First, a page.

As retirement nears, folks tend to become very focused on how they're going to spend their money. But figuring out how you're going to spend your time in retirement is every bit as important. According to a 2021 study by Edward Jones and Age Wave, the pandemic renewed the emphasis that people place on purpose. In fact, their survey found that post-pandemic, "Ninety-two percent of retirees now agree that purpose is key to a successful retirement."
I couldn't agree more. One of the biggest challenges of retirement is the transition away from two of our biggest sources of purpose: raising a family and work. Many seniors aren't prepared for just how jarring that transition can be or just how empty your days can suddenly feel.
Whether you're a new retiree or someone who's starting to glimpse retirement on the horizon, here are three suggestions for rediscovering your purpose.
1. Find a retirement role model.
When I'm working with clients who are nearing retirement, I often ask them to think about someone whom they would consider a successful or happy retiree. What are some words that describe that person? How does that person spend their time? What does that person do for fun? What kind of a social network and support system does that person have around them? Does that person have a part-time job or a regular volunteer position?
You might expect money to be a big part of this conversation. But in my experience, having money isn't what makes seniors happy -- it's the way that they use their nest eggs, however large or modest, to provide stimulation, engagement, and security.
Trying to "keep up with the Joneses" often just leads to splurge purchases at one extreme and living too conservatively at the other. But if the Joneses are invigorated by their weekly tee times, the vacations they plan for, and their tutoring positions at the local high school, maybe buy them dinner and pick their brains about retirement.
2. Get inspired.
Retiring baby boomers, who are healthier and more active than any generation of seniors before them, are redefining the possibilities of retirement. That, in turn, has generated a wealth of content about rethinking traditional approaches to the Golden Years.
For example, the TED Talks library features many speakers who touch on issues related to aging, finance, health, and retirement.
Many seniors have also started using meditation and mindfulness apps that help you clear your head and refocus on what's really important.
I'm proud of the library of podcasts and blogs about navigating retirement that we've put together at Keen Wealth. In particular, these insights from some successful retirees could change your perspective on the second half of your life:
- Don’t Tell My Stepmom What She Can’t Do “At Her Age”
- Avoid These 5 Dangerous Attitudes When Piloting Your Finances
- Dick Blaisdell: Insights on a Successful Retirement
- Kansas City Radio Legend Darcie Blake Explains How She Transitioned From A Dream Job into a Dream Retirement
For you readers out there, I also write quite a bit about my experience with seniors and purposeful retirement in my book “Keen on Retirement: Engineering The Second Half Of Your Life.” And if you'd like a perspective on happiness and purpose that's a little more outside the box, I recommend "The Alchemist" by Paulo Coelho. I often return to the book's story of a young man visiting a beautiful castle when I need to remind myself of what it means to live a full life.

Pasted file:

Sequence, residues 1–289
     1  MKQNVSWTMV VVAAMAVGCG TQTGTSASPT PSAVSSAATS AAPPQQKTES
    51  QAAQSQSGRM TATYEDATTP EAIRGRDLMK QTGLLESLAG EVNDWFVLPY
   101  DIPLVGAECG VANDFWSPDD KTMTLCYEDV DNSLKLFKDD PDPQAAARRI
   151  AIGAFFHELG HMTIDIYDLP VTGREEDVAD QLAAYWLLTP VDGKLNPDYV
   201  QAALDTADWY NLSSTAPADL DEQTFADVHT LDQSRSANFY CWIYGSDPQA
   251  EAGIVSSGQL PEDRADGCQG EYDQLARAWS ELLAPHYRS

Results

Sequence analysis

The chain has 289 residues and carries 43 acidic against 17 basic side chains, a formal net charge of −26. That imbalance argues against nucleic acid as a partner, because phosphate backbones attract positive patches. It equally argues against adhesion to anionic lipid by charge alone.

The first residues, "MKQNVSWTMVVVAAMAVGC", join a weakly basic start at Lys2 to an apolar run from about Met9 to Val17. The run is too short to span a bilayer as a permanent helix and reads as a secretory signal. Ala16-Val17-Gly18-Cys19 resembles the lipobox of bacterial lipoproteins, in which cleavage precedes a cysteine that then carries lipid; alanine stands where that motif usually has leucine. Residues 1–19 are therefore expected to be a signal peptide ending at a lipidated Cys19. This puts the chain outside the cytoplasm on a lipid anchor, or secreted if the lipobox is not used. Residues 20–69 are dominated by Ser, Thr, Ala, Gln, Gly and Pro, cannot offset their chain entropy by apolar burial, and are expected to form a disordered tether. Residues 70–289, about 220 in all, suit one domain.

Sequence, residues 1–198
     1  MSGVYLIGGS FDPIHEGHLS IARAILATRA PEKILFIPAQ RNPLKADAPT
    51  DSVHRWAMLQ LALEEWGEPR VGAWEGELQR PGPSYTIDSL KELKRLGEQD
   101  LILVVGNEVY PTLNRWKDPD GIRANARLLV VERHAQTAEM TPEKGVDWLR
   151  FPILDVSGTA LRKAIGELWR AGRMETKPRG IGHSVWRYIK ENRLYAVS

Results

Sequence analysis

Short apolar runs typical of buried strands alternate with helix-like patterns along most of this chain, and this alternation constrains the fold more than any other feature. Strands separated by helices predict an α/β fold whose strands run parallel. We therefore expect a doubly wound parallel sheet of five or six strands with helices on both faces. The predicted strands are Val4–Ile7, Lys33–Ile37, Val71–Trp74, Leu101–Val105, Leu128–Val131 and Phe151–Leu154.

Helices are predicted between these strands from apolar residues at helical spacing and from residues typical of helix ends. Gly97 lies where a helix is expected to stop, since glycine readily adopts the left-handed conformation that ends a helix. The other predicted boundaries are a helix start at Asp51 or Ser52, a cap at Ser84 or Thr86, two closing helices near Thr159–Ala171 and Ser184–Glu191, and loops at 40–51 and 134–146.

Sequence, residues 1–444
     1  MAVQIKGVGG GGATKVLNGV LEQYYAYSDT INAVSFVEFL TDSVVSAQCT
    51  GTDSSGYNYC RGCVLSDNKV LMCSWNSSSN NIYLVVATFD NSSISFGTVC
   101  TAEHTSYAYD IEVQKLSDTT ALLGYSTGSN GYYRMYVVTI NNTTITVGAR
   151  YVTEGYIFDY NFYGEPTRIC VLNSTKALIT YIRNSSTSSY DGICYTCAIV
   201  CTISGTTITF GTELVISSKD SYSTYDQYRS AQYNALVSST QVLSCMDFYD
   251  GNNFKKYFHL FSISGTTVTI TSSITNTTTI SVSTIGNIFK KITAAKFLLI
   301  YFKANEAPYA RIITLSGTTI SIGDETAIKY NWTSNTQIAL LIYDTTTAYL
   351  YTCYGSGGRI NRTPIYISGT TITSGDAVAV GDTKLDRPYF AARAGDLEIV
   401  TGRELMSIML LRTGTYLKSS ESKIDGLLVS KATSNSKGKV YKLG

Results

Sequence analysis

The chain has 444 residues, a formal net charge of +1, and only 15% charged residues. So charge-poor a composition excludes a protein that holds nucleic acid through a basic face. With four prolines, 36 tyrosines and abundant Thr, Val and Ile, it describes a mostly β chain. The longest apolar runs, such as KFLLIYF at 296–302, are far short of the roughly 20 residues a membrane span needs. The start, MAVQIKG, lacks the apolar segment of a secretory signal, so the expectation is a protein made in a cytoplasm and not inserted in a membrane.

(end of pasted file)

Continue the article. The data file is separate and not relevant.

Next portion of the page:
3. Reconnect with your best self.
Think back to the happiest moments in your life, the times when you felt the most at peace, the most sure of your purpose, the most excited for what the day had in store.
Hopefully, work factors into some of those memories. But even if your job wasn't 100% fulfilling, there were moments when you applied your skills and experience to solve a problem or make a coworker's day a little easier. In retirement, you could experience similar satisfaction by using those same skills at a mentorship or volunteer position.
Your family life has changed since your adult children have moved out of the house. But you can experience those same feelings of togetherness by planning a big family vacation, coaching your grandkid's soccer team, or restarting those weekly date nights you and your spouse enjoyed before you had children.
In fact, think back even further to your own childhood. You can't play high school football again. But you can work with a coach who will bring your golf or tennis game up a level. Did you spend lazy summer afternoons on long walks or bike rides? Reincorporate those activities into your daily retirement routine.
As you can see, there’s a very broad definition of what “purpose” can mean to a retiree. Finding your personal definition can be challenging. But it can also be one of the most fulfilling experiences of your life. Call up my team at Keen Wealth and let’s discuss how our process can help you connect your purpose to your financial planning.
Bill Keen is a CHARTERED RETIREMENT PLANNING COUNSELOR℠ and independent financial advisor with more than 25 years of industry experience. As the founder and CEO of Keen Wealth Advisors, a registered investment advisory firm, he specializes in providing personalized retirement planning designed to help people thrive before and during their retirement years. With a passion for educating others, Bill regularly blogs about retirement planning, hosts the podcast Keen on Retirement, and has contributed to U.S. News and World Report, Reuters, Wall Street Journal’s Market Watch, Yahoo Finance, and other publications. Based in Overland Park, Kansas, Bill and his team work with clients throughout the greater Kansas City area and across the nation. To learn more, connect with him on LinkedIn or visit www.keenwealthadvisors.com.
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